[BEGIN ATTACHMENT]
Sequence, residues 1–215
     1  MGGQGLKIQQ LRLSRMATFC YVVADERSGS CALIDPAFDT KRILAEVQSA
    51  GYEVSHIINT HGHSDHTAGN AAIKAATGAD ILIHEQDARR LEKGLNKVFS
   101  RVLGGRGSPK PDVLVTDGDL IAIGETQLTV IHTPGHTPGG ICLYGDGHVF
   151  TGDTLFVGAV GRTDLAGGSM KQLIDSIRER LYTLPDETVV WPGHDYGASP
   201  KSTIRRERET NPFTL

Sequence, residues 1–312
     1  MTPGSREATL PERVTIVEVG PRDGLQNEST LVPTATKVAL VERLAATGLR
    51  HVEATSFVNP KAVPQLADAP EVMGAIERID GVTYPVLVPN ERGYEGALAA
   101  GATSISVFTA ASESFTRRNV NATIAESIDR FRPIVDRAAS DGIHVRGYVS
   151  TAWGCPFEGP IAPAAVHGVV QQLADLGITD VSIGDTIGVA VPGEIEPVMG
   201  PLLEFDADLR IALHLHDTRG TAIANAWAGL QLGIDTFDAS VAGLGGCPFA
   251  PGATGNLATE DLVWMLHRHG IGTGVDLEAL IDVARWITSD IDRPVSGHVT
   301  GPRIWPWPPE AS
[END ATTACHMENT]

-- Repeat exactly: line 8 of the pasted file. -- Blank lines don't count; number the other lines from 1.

     1  MTPGSREATL PERVTIVEVG PRDGLQNEST LVPTATKVAL VERLAATGLR